- About Us
- Our Solutions
- Articles For Inspiration
- Leadership to Liquidity
- Stairway to Value
- Keep More of What You Make
- Equity Rules
- The Profits Interest
- Synthetic Equity
- Dynamic Synthetic Equity
- The Art of Resilient Capital Planning
- 10 Myths of Succession Planning
- Top 40 High Performance Awards
- Survey of Value Sharing at Sale
- Succession Pathways
- Bridging Business Owner Planning Gap
- 2017 Year End Review
- 2016 Year End Review
- 2015 Year End Review
- Good Incentives, Bad Incentives
- Which Succession Pathway Are You On?
- Build Business Value/Personal Wealth
- Equity Models via Sell·Pay·Convey®
- Solving the Buy-In Paradox
- Profits Interest and Why We Need It
- A Wide-Angle Tool Saves Taxes
- Getting Beyond a Band of Experts
- Does 'Skin-in-the-Game' Really Work?
- When Conventional Wisdom is Wrong
- Thinking Outside of 401(k) Box
- Are Equity Grants the Holy Grail?
- Paying Fair without Distortion
- Will Hidden Taxes Derail Your Plan?
- Can Stock Options Make You Sick?
- Contact Us
Solving the Buy-In Paradox
Here’s the buy-in paradox facing private companies. Top talent drives company growth and value. Higher company value dissuades top talent from buying into an illiquid company. Frustrated talent leaves and company value falls.
Public companies benefiting from daily valuation and immediate liquidity can readily solve this buy-in puzzle with stock options and restricted stock. Private companies are not so lucky.
Success Creates its Own Challenges
In the early stages of a start-up, buy-in capital may be cheap, perhaps $10,000 for 10%. Grow to $10M in value and now 10% is $1M, beyond the comfort zone for the typical executive. Grow to $50M in value and at $5M, buying a 10% ownership stake becomes nearly impossible for an individual. Clearly, success creates its own challenges.
Typically there is no single solution to solve this buy-in paradox. Solutions differ for newly promoted executive owners coming into the ownership suite versus a proven CEO who deserves greater percentage of ownership.
Trio of Solutions
Here’s the buy-in challenge: how do we simultaneously increase shareholder value while making the buy-in more affordable for critical executives? We call the portfolio of solutions to address the buy-in paradox SELL • PAY • CONVEY®. Notionally, we can make it easier for key executives “get-in” to the ownership suite in three major ways:
- SELL: The company (or the existing owners) SELLS executives equity with attractive terms to mitigate risk.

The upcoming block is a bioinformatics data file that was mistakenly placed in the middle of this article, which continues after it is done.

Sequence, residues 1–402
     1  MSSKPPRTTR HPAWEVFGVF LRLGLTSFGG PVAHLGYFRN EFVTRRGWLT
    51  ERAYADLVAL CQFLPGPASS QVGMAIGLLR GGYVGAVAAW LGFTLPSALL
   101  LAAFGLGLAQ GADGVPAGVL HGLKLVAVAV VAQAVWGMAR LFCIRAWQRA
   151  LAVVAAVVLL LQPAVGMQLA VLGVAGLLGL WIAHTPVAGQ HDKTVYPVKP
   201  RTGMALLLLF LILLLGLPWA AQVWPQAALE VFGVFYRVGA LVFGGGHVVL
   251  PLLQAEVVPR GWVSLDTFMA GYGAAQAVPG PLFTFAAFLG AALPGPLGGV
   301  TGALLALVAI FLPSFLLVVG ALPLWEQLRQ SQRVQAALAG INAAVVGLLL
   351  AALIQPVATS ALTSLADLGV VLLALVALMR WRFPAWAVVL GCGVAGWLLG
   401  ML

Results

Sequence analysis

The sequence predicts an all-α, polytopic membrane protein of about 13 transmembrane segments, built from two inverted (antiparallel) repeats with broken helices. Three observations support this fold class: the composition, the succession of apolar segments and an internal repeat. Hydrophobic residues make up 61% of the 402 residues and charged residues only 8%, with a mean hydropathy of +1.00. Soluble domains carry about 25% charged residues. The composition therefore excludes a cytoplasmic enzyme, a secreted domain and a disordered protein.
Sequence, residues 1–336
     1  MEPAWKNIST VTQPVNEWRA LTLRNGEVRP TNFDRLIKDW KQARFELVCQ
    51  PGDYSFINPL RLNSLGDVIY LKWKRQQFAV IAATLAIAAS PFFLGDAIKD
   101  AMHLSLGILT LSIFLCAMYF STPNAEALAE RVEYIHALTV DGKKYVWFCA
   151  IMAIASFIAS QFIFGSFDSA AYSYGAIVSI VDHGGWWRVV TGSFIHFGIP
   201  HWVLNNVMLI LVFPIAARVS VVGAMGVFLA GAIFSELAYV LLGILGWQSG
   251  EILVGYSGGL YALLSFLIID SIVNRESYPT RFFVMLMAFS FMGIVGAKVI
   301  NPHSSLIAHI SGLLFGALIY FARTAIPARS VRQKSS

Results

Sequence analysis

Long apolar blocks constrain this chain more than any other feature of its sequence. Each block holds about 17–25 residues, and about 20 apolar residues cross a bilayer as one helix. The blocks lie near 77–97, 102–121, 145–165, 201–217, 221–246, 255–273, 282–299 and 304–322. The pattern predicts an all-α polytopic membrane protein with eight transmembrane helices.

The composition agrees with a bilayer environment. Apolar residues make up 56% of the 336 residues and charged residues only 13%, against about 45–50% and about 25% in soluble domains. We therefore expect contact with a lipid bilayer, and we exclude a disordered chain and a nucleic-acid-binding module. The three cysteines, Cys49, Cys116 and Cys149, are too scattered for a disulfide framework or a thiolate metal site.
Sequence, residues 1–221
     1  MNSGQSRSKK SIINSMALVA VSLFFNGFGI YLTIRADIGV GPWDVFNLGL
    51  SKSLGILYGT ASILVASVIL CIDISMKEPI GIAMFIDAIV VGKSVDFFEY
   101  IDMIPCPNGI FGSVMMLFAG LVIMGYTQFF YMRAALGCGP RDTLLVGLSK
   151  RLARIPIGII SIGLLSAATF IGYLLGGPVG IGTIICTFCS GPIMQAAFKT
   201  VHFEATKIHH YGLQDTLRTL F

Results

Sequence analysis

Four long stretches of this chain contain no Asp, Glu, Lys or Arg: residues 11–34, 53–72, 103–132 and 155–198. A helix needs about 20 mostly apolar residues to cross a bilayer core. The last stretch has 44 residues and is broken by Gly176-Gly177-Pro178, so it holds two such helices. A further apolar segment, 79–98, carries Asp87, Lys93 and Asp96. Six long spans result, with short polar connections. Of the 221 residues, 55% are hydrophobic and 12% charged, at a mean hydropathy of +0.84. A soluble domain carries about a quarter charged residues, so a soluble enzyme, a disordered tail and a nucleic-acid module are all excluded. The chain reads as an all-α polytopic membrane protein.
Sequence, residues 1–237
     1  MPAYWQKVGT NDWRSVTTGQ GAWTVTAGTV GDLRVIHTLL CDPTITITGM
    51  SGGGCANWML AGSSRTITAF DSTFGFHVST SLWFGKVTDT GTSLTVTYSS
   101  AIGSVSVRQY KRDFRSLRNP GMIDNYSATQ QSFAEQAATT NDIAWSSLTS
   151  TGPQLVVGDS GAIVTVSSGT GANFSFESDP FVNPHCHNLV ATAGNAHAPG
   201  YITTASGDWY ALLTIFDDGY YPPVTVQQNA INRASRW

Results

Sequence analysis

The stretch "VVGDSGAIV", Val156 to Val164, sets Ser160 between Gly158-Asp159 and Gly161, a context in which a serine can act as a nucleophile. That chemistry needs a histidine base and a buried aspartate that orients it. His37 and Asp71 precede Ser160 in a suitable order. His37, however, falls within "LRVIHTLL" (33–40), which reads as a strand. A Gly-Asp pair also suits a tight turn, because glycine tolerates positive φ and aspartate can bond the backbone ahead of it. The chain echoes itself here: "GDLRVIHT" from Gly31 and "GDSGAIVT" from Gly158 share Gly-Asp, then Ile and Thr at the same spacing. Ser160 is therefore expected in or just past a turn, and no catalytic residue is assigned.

- PAY: The company PAYS executives with equity - typically called a compensatory grant.
- CONVEY: The company CONVEYS ownership to executives with no buy-in or compensatory cost.
Here is a single example from each of the SELL • PAY • CONVEY® strategies:
Sell equity using a mix of recourse and non-recourse debt to mitigate buy-in risk.
- Most equity buy-ins involve installment notes. If the executive buyer defaults on the note, the non-recourse portion of the note is satisfied with the return of the shares. Borrow $1M at 50% recourse and 50% non-recourse, and the maximum cost in event of default is $500,000. Be careful here. Many tax practitioners advise that equity purchases with more than 50% non-recourse note can trigger stock option treatment (ordinary income tax rate), rather than the desired capital gains treatment.
Pay equity on a favorable basis reflecting minority interest discount.
- The use of minority interest discounts in a buy-sell agreement is not required, yet often advisable. Grant an executive 10% of your $10M company and how much tax on compensation is due? If no discounts for lack of marketability and lack of control, compensation is $1M. After a 40% discounts, the compensatory income is much less at $600,000. Apply a 40% income tax rate and the tax due before and after discounts are dramatically different: $400,000 vs $240,000.
Convey equity via profits interests in a partnership or a qualifying LLC.
- Provide profits interest which is a unique type of ownership with no cost at transfer. A grant of profits interests provides an executive all the upside of a grant without the need to pay the underlying “threshold” value. Further, qualifying a profits interest grant conveys property rights and is taxed at capital gains rates. See our recent article on Profits Interests by clicking HERE.
Overcoming the Core Challenge of Succession Planning
Just about every business owner must ask and answer the key strategic question: how do we efficiently and effectively provide some “taste of ownership” to our top talent? Mastering strategies of Sell, Pay and Convey helps address this critical succession planning challenge.
How many of the “Sell • Pay • Convey®” strategies has your ownership team explored?
Please contact us to learn more.